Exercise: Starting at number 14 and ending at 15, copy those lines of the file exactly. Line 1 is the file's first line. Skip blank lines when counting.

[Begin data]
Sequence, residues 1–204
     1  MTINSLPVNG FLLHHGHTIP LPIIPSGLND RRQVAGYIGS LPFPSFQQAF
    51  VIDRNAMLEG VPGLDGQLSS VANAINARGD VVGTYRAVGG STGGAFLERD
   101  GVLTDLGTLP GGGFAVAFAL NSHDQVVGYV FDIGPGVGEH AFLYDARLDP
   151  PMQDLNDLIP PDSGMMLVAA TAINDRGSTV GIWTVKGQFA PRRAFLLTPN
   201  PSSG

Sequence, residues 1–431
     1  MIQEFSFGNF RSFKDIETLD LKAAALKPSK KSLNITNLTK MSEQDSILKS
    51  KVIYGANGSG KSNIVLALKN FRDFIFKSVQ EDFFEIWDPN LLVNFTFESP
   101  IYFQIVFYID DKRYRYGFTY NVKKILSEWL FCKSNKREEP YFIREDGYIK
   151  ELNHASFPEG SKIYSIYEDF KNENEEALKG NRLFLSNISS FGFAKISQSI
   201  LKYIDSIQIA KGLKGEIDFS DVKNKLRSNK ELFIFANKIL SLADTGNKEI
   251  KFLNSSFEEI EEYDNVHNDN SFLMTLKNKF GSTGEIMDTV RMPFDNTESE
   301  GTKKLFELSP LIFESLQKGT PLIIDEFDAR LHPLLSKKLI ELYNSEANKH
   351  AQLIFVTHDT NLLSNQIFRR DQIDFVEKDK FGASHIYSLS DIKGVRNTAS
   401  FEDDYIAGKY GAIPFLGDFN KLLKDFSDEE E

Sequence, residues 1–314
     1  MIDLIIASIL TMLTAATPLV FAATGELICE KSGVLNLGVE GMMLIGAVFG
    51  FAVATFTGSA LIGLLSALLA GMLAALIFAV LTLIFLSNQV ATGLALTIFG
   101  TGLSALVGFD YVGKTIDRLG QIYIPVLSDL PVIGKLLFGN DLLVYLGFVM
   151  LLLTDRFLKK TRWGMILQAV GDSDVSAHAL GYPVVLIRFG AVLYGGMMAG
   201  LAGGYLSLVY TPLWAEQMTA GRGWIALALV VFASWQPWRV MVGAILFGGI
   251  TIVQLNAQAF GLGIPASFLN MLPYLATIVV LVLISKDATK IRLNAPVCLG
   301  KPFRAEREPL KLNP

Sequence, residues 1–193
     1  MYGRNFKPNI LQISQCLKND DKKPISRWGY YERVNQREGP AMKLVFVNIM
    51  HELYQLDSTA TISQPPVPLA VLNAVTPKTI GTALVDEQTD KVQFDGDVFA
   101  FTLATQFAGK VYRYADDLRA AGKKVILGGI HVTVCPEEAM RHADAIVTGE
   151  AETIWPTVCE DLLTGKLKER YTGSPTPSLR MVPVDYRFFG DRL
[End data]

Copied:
   301  GTKKLFELSP LIFESLQKGT PLIIDEFDAR LHPLLSKKLI ELYNSEANKH
   351  AQLIFVTHDT NLLSNQIFRR DQIDFVEKDK FGASHIYSLS DIKGVRNTAS